January 14 - Nine Characteristics of a Great Teacher
Years ago, as a young, eager student, I would have told you that a great teacher was someone who provided classroom entertainment and gave very little homework. Needless to say, after many years of K-12 administrative experience and giving hundreds of teacher evaluations, my perspective has changed. My current position as a professor in higher education gives me the opportunity to share what I have learned with current and future school leaders, and allows for some lively discussions among my graduate students in terms of what it means to be a great teacher.
Teaching philosophy statements are now prepared for a variety of reasons: as part of a job application process; to be included in a promotion and tenure dossier; for a teaching award; or to foster reflection about how and why you teach. Regardless of purpose, the goal ought to be preparation of statements that reveal those beliefs and practices characteristic of an individual teacher. Writing teaching philosophy statements that accurately describe the instructional self isn’t easy, given that so many of us begin teaching careers with little training and continue them with episodic professional development. A set of resources can do much to assist the process and an impressive collection appears in the article referenced below.
February 3 - Helping Students with Disabilities Reach Their Educational Goals: Reflections and Lessons Learned
There has long been the debate as to whether college is right for everyone. I follow the school of thought that college should be open to everyone and they may decide if it is the right fit for them. The educational realm has evolved so well that many students who could not even fathom college in the past are now attending and flourishing.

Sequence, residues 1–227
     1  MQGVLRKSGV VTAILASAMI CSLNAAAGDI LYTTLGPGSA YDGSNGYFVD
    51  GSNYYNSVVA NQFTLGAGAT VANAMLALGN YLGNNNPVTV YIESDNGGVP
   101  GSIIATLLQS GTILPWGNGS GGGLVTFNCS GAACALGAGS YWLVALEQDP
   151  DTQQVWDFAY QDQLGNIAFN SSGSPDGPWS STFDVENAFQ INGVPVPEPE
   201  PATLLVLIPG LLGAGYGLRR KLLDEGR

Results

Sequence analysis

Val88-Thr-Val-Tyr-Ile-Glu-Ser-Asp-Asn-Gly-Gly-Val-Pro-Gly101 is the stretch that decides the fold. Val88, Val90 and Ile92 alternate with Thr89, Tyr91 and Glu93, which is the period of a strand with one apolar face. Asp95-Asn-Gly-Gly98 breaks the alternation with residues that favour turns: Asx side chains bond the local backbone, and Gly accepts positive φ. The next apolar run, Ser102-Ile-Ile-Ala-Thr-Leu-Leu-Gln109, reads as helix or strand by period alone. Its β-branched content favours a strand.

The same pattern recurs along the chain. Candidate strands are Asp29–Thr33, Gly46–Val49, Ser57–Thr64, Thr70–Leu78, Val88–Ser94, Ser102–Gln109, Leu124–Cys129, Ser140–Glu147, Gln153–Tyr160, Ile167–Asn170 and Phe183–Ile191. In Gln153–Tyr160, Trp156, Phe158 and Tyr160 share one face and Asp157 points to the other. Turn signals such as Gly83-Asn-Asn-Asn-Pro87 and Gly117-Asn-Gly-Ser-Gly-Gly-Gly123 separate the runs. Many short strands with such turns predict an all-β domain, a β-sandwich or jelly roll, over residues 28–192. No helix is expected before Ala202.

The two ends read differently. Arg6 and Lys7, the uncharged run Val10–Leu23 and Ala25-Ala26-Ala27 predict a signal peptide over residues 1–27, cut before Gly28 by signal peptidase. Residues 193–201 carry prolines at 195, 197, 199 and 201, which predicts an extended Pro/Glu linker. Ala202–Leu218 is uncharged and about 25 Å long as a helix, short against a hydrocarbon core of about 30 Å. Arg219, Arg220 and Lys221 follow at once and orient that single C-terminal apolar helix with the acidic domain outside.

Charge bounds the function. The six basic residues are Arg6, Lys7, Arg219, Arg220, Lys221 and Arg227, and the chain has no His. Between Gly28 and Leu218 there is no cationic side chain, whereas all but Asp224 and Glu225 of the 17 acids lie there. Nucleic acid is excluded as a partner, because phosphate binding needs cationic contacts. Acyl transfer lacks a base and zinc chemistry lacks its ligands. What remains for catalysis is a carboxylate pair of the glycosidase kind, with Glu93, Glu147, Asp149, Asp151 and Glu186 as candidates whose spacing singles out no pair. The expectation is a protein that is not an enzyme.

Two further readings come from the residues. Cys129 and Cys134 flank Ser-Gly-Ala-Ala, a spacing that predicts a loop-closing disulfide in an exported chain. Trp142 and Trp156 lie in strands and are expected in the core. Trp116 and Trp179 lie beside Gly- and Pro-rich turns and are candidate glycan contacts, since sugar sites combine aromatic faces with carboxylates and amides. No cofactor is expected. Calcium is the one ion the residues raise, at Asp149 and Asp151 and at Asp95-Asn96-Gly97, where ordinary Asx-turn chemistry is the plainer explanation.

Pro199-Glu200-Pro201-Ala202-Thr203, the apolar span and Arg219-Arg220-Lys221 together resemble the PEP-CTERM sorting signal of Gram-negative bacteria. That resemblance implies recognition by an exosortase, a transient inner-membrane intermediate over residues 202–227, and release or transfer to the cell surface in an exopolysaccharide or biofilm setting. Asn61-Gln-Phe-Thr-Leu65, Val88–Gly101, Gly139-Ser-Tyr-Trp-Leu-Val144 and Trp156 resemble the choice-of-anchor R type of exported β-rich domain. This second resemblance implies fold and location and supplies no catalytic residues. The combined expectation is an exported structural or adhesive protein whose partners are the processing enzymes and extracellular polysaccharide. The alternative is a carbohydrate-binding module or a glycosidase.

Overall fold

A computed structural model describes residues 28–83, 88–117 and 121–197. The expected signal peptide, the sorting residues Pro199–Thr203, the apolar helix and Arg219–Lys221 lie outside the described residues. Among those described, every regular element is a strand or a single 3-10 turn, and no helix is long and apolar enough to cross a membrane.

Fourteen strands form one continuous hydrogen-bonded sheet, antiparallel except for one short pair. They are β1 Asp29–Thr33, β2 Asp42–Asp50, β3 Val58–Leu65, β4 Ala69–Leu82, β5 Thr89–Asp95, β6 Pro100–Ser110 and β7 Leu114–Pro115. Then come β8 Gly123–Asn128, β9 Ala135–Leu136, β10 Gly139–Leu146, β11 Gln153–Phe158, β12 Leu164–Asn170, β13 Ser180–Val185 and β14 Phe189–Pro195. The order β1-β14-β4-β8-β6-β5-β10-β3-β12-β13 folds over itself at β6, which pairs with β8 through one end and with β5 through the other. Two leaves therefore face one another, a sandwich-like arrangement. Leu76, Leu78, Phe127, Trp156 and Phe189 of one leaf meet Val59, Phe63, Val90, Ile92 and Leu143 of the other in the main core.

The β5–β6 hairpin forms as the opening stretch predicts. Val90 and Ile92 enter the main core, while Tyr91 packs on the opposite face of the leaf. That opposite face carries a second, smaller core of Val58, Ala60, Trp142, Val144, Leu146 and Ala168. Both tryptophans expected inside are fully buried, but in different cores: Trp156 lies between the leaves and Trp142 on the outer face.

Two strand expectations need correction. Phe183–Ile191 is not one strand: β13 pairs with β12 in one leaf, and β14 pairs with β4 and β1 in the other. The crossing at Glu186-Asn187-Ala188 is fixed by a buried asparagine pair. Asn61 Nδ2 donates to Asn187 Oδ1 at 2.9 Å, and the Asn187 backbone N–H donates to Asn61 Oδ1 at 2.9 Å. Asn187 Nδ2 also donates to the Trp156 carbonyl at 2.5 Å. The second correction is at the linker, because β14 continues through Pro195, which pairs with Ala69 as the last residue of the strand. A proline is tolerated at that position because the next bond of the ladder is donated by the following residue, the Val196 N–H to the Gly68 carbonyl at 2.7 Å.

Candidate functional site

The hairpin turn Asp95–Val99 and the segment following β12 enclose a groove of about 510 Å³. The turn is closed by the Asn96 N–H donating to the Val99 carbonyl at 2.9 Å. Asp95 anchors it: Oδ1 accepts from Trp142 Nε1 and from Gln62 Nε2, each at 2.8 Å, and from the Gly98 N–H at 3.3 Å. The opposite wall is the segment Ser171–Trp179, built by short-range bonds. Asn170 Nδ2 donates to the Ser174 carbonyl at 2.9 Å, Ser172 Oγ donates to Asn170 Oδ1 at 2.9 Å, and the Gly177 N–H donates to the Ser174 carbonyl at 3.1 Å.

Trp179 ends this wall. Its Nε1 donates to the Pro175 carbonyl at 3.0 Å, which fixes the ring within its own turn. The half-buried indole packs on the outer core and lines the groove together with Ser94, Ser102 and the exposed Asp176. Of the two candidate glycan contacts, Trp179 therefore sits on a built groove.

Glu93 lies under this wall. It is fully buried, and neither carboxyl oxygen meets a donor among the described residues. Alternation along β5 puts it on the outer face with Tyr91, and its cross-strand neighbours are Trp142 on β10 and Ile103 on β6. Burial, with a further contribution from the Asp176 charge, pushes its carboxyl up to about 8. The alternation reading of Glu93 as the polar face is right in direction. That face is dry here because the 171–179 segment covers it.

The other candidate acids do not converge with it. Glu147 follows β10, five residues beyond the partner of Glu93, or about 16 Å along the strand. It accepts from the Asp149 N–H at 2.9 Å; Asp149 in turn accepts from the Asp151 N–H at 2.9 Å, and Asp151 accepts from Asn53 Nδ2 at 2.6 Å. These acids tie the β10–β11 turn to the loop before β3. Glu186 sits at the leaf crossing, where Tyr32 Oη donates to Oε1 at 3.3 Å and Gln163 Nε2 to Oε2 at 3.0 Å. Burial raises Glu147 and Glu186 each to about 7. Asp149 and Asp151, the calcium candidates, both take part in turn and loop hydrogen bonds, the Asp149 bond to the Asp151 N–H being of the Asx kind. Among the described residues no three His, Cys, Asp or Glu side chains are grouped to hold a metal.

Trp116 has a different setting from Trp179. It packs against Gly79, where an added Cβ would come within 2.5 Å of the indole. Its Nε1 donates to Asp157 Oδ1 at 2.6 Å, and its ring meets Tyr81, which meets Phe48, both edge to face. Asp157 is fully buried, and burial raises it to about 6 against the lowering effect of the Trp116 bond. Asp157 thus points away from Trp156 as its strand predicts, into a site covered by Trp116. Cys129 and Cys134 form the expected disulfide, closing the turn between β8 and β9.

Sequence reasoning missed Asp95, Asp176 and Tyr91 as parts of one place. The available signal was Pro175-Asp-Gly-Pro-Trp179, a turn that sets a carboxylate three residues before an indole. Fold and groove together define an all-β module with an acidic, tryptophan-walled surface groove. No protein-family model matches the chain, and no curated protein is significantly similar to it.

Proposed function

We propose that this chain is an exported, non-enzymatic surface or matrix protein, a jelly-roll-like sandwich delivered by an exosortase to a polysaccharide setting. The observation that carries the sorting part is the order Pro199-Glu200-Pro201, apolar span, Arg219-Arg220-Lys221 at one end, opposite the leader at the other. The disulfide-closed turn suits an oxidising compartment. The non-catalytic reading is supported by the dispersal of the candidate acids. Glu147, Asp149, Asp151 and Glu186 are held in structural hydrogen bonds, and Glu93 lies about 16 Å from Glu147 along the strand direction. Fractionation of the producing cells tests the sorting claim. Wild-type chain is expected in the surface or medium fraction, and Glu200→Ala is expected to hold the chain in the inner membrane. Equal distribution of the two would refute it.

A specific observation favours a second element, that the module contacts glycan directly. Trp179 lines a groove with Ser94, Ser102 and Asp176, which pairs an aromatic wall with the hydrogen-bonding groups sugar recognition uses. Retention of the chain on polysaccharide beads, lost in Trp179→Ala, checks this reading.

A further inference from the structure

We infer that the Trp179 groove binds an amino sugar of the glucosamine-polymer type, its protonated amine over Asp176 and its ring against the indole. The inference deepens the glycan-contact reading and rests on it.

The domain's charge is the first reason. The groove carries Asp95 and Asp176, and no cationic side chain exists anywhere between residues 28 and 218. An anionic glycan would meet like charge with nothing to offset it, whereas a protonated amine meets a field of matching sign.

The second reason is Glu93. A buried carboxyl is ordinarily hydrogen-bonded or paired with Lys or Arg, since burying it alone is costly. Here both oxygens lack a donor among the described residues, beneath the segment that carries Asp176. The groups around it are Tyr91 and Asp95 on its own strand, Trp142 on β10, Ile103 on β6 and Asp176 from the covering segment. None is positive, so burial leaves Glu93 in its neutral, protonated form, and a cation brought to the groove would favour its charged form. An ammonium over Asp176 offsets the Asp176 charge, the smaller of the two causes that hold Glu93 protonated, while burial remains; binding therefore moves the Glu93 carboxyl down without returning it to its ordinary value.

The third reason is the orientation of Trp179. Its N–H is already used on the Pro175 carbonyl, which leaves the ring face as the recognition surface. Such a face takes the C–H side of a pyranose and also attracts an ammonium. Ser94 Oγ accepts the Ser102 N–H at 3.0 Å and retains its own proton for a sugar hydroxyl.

Out-of-class communication makes student-teacher relationships more personal and contributes to student learning. It is also the wellspring for continued academic exchange and mentoring. Unfortunately, electronic consultations via email have diminished the use of in-person office hours. Although students and faculty favor email contact because it’s so efficient, interpersonal exchanges still play an important role in the learning process—much research verifies this. As teachers we have a responsibility to encourage, indeed entice, our students to meet with us face-to-face.
As an undergrad, I put myself through school waiting tables – a truly humbling experience that made me a better instructor. With a mission of 100% customer satisfaction and my livelihood on the line, the patron’s experience became my highest priority.
Taking that mindset into the classroom, I strove for 100% student satisfaction – within the confines of academic integrity, of course – and achieved great results. It turns out, oddly enough, that students love being important, valued, respected, and honored. And through the resulting faculty-student connection, students willingly transform into vessels of learning.